President Pines answers questions on safety of workers, social justice at SGA meeting
University of Maryland President Darryll Pines speaks to Student Government Association legislators at their virtual meeting on Sept. 23, 2020. (Lyna Bentahar/For The Diamondback)
University of Maryland President Darryll Pines joined Wednesday evening’s SGA meeting to answer questions about coronavirus safety measures, mental health and social justice on the campus.
Pines went over the university’s summer decision-making about reopening the campus, emphasizing the focus on mandatory testing for students before and after they arrived on the campus. Along with an 80 percent compliance from students on pre-arrival tests, the university has seen some of the lowest total numbers of positive cases among Big Ten universities.
“You guys, students, have played an enormous role in following these healthy behaviors,” Pines said. “That’s every person.”
Pines also defended the university’s decision to move forward with blended learning on Sept. 14, citing sympathy for new freshmen, whom he said have had “a terrible senior year.” Freshmen, who constitute the majority of undergraduates living in university-owned housing, are a priority for the administration when providing on-campus activities and social engagement, Pines said.
Josh Steighner, a computer, mathematical and natural sciences representative, was concerned with the safety of staff and the negotiations between the university and the union American Federation of State, County and Municipal Employees Local 1072.
“There’s no way I don’t care about these issues,” Pines said, mentioning he is the son of two union employees. Pines also cited his meetings with union leaders and work over the summer to provide housekeeping staff in residential facilities “cooling solutions” after the air conditioning was shut off in dorms where they worked.
“[The university has] met literally multiple times a week since COVID has come here,” he said. “We are absolutely interested in making sure they are comfortable and safe.”
In July, Pines released a list of 12 initiatives for improving the student experience, one of which was staffing increases for mental health services. Pines said, however, that he’s waiting on a proposal from Georgina Dodge, vice president of diversity and inclusion, and Patty Perillo, vice president of student affairs, to address this, which he expects to get in the first week of October.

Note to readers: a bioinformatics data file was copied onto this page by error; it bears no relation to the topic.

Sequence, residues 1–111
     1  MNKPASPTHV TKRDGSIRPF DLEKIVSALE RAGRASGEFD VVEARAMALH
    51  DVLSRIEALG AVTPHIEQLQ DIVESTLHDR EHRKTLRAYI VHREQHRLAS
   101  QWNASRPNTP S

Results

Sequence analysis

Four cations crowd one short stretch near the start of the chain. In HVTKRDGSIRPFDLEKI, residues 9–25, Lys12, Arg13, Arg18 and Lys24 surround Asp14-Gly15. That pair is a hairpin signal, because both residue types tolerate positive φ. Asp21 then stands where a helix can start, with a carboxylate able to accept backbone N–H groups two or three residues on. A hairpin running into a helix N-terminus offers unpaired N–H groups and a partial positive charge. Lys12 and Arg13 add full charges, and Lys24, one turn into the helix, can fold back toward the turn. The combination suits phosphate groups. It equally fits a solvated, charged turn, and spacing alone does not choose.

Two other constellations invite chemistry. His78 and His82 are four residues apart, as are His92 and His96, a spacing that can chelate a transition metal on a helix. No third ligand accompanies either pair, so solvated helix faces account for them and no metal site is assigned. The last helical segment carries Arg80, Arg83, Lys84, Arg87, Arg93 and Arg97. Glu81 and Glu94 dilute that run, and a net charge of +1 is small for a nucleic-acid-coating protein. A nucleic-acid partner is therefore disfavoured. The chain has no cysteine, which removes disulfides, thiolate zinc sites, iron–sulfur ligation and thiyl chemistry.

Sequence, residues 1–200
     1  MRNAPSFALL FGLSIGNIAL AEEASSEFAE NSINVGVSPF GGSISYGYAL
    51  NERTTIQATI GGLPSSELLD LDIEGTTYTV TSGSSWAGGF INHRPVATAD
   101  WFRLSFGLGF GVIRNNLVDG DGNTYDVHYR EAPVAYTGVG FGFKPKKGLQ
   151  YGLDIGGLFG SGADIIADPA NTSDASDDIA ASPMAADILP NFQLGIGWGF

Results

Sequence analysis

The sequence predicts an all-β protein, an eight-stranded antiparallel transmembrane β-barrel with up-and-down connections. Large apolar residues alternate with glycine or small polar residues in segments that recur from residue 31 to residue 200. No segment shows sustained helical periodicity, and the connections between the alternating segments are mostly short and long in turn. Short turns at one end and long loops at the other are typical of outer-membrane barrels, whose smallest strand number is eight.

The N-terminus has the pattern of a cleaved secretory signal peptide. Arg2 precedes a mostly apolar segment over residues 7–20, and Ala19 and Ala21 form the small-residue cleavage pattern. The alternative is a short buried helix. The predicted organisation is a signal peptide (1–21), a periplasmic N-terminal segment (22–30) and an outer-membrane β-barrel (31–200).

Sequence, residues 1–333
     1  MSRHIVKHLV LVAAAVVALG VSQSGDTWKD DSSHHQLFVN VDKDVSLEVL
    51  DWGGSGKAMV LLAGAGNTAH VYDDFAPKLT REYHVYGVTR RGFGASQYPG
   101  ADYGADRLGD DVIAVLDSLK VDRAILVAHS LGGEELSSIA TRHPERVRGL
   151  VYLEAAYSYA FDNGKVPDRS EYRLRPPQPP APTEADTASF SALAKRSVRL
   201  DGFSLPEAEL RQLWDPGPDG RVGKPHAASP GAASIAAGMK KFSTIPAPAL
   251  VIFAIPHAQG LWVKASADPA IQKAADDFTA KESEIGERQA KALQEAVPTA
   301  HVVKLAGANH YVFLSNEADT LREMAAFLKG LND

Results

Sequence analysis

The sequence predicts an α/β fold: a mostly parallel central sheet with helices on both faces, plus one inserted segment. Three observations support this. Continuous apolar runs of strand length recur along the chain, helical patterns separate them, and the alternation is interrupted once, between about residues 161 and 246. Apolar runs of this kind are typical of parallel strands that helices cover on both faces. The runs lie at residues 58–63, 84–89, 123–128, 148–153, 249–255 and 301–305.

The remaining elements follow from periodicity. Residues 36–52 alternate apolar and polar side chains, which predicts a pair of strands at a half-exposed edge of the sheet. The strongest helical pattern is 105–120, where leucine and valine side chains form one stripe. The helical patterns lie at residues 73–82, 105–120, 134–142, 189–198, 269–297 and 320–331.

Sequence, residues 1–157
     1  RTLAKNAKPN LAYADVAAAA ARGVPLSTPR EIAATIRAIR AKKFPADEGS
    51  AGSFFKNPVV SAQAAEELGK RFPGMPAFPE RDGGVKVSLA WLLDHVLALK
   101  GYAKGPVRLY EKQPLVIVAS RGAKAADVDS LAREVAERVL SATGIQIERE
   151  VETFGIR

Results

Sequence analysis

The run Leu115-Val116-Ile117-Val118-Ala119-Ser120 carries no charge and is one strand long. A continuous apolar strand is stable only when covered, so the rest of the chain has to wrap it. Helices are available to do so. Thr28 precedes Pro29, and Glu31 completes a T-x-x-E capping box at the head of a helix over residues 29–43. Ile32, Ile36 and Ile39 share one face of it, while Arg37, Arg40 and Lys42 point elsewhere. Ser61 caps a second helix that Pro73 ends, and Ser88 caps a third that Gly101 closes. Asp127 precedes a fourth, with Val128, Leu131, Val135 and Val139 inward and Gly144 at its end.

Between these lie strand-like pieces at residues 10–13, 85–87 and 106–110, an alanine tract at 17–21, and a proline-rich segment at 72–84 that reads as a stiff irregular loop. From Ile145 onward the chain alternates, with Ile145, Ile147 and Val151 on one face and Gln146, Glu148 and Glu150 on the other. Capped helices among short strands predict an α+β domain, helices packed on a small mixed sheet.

Claire Niggel, a behavioral and social sciences representative, called current mental health resources on campus, including the Counseling Center, a “bit of a shortcoming.”
Pines said Niggel was “dead right,” but that even as the hiring plan moves forward in October, the university is unlikely to bring in any new staff in place until spring.
“Both of these pandemics have a severe impact on mental health,” Niggel said, referring to the coronavirus and the effects of racism. “Mental health resources are critical right now.”
Those effects of racism were also a concern for Bella Simon, the education college’s representative, who asked Pines for an update about a memorial for 1st Lt. Richard Collins. Collins was murdered by a former student, Sean Urbanski, near a bus stop on the campus in 2017. The university has not yet created a permanent memorial on campus for the Black Bowie State student.
Simon said a memorial would help Black students feel seen and heard by the university.
“A lot of minority students are having trouble feeling like they have a safe place on campus,” Simon said. “Historically, UMD hasn’t been a very inclusive place.”
Pines said he will be announcing an update about the memorial for Collins in the coming weeks, mentioning that the university has already designed one. However, he said, the Collins family did not want to move forward with the memorial before Urbanski’s sentencing date, which was delayed due to the pandemic.
“This issue related to the Collins memorial will come to a happy conclusion,” he said.
But as social unrest on campus and across the country continues, Pines wanted to provide a historical context to the issues afflicting students. His online course “Grand Challenges,” which had its first lecture with more than 80 students this Wednesday, seeks to inspire students to find solutions to the circumstances they’re in, regardless of what they are.
“It’s not new, these grand challenges, and we need to accept them,” he said. “But you can make a difference in solving it and coming up with solutions.”